The data shown below were collected from the profiles of 122 tweeters who shared this research output. Click here to find out more about how the information was compiled.

Mendeley readers

The data shown below were compiled from readership statistics for 165 Mendeley readers of this research output. Click here to see the associated Mendeley record.

Geographical breakdown

Country Count As %
Unknown 165 100%

Demographic breakdown

Readers by professional status Count As %
Researcher 22 13%
Student > Master 22 13%
Student > Bachelor 19 12%
Other 15 9%
Student > Ph. D. Student 12 7%
Other 29 18%
Unknown 46 28%
Readers by discipline Count As %
Medicine and Dentistry 71 43%
Nursing and Health Professions 16 10%
Social Sciences 4 2%
Psychology 4 2%
Agricultural and Biological Sciences 3 2%
Other 12 7%
Unknown 55 33%

Attention Score in Context

This research output has an Altmetric Attention Score of 126. This is our high-level measure of the quality and quantity of online attention that it has received. This Attention Score, as well as the ranking and number of research outputs shown below, was calculated when the research output was last mentioned on 31 December 2021.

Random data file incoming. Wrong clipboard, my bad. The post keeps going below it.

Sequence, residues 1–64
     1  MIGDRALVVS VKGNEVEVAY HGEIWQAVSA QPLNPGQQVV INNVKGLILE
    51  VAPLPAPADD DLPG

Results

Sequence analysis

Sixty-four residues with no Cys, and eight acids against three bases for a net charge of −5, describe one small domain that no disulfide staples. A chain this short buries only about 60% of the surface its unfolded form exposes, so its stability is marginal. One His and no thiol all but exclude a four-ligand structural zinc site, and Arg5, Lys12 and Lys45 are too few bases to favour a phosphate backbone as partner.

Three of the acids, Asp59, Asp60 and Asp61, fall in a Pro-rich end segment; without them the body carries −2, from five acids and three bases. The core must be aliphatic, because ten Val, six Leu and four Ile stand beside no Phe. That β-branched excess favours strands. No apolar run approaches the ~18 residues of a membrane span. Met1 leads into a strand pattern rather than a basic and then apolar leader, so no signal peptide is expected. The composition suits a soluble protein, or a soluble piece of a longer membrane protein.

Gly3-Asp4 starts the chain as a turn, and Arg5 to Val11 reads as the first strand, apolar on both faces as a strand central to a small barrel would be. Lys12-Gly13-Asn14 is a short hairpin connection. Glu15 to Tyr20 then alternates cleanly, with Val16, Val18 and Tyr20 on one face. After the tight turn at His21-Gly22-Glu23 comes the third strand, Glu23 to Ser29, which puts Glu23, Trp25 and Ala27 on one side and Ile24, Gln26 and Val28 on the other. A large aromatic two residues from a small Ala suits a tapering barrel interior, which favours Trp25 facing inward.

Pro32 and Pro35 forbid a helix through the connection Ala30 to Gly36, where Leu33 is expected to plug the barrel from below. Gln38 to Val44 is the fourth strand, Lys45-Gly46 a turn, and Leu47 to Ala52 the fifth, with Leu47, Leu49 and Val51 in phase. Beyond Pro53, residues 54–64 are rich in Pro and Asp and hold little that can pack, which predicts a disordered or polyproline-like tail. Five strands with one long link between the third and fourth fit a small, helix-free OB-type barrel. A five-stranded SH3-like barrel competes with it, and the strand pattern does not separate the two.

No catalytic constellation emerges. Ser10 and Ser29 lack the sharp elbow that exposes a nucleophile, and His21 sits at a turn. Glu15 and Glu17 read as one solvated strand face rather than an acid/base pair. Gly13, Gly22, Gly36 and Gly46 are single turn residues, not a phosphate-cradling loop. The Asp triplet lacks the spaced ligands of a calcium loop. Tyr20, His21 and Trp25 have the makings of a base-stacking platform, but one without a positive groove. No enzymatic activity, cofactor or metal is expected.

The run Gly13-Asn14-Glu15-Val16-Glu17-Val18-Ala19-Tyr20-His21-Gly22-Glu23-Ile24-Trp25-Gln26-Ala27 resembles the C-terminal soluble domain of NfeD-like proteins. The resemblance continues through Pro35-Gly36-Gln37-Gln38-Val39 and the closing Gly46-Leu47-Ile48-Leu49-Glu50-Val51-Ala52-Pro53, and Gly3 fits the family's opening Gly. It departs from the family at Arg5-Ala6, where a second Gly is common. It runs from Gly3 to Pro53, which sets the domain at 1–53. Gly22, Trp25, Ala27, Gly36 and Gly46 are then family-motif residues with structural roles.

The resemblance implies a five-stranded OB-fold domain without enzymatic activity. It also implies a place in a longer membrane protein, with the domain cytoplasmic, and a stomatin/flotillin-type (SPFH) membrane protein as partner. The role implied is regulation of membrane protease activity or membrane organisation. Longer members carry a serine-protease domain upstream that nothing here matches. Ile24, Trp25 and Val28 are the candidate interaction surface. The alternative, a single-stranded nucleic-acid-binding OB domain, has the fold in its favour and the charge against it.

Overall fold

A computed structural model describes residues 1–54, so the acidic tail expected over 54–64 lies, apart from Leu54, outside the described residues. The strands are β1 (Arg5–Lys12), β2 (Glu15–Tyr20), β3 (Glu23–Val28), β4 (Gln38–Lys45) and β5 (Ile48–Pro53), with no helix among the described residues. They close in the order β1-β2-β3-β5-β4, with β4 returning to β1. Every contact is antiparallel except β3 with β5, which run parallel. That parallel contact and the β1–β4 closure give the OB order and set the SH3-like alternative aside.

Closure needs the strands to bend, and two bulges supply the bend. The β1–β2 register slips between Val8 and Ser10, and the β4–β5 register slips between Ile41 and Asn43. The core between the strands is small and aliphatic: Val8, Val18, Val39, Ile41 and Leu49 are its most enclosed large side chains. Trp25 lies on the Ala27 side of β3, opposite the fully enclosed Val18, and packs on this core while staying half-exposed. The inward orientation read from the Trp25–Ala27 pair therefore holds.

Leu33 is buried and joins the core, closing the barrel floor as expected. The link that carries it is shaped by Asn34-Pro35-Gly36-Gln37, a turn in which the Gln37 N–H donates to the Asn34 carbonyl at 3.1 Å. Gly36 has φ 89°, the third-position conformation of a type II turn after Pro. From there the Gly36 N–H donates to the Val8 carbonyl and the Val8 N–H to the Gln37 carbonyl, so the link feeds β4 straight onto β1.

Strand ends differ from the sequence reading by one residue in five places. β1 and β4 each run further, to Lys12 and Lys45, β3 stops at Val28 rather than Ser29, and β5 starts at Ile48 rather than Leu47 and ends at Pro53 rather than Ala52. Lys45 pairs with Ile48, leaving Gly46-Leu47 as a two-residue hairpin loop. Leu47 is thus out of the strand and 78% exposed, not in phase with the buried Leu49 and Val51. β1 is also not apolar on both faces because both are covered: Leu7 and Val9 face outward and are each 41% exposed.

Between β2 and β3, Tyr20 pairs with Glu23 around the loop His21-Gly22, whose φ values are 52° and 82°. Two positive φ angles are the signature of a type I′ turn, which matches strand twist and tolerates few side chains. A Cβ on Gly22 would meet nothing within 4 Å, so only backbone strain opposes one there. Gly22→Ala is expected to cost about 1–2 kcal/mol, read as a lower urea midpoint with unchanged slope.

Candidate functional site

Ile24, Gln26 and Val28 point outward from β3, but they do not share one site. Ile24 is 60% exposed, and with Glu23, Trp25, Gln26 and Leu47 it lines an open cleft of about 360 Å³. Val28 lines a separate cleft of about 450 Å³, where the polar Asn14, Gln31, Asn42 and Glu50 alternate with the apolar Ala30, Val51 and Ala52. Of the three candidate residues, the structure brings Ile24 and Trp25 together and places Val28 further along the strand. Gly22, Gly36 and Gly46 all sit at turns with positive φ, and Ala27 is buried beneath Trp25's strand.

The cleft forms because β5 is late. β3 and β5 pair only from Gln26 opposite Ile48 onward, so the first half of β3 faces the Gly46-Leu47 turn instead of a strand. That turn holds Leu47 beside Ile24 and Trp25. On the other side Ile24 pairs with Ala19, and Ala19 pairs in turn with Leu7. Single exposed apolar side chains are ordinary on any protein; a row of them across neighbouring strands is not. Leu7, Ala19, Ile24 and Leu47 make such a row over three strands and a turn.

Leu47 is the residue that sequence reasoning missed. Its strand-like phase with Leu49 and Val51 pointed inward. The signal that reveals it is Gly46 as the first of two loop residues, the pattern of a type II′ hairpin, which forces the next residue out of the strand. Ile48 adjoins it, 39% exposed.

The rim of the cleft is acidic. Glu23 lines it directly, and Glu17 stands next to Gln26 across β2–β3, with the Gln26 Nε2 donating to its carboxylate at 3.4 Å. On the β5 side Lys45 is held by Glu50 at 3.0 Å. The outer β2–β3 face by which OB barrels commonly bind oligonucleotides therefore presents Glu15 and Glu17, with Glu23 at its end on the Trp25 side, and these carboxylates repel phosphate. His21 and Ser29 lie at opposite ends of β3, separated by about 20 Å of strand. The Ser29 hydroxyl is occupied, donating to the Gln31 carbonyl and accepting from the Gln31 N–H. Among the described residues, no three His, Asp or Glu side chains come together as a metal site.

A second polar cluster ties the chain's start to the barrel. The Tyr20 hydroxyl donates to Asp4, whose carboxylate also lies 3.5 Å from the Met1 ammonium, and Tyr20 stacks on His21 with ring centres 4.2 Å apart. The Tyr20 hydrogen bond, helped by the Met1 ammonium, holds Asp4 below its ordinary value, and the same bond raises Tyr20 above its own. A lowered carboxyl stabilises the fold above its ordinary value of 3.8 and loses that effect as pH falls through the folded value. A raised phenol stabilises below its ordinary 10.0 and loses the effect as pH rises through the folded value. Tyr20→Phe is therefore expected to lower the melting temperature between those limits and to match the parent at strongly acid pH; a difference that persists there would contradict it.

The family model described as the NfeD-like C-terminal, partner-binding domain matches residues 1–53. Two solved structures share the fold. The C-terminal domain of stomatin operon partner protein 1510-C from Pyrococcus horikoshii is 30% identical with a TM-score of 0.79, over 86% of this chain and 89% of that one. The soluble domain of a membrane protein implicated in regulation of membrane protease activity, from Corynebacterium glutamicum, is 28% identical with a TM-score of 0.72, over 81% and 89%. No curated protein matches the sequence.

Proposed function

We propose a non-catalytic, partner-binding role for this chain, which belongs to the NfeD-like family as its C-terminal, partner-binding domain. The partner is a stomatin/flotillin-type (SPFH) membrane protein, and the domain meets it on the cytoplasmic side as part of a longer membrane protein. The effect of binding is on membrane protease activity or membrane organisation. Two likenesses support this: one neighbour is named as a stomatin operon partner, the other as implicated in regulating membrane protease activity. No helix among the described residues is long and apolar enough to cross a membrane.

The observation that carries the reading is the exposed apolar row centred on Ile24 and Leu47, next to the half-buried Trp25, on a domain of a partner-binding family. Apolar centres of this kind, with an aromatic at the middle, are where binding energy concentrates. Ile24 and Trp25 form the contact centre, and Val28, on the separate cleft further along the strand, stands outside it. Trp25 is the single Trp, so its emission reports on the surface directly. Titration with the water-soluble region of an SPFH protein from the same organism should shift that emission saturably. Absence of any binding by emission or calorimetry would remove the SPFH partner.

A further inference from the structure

All research outputs
of 21,687,907 outputs
Outputs from Cochrane database of systematic reviews
of 12,102 outputs
Outputs of similar age
of 297,423 outputs
Outputs of similar age from Cochrane database of systematic reviews
of 185 outputs
Altmetric has tracked 21,687,907 research outputs across all sources so far. Compared to these this one has done particularly well and is in the 98th percentile: it's in the top 5% of all research outputs ever tracked by Altmetric.
So far Altmetric has tracked 12,102 research outputs from this source. They typically receive a lot more attention than average, with a mean Attention Score of 29.4. This one has done particularly well, scoring higher than 96% of its peers.
Older research outputs will score higher simply because they've had more time to accumulate mentions. To account for age we can compare this Altmetric Attention Score to the 297,423 tracked outputs that were published within six weeks on either side of this one in any source. This one has done particularly well, scoring higher than 97% of its contemporaries.
We're also able to compare this research output to 185 others from the same source and published within six weeks on either side of this one. This one has done particularly well, scoring higher than 92% of its contemporaries.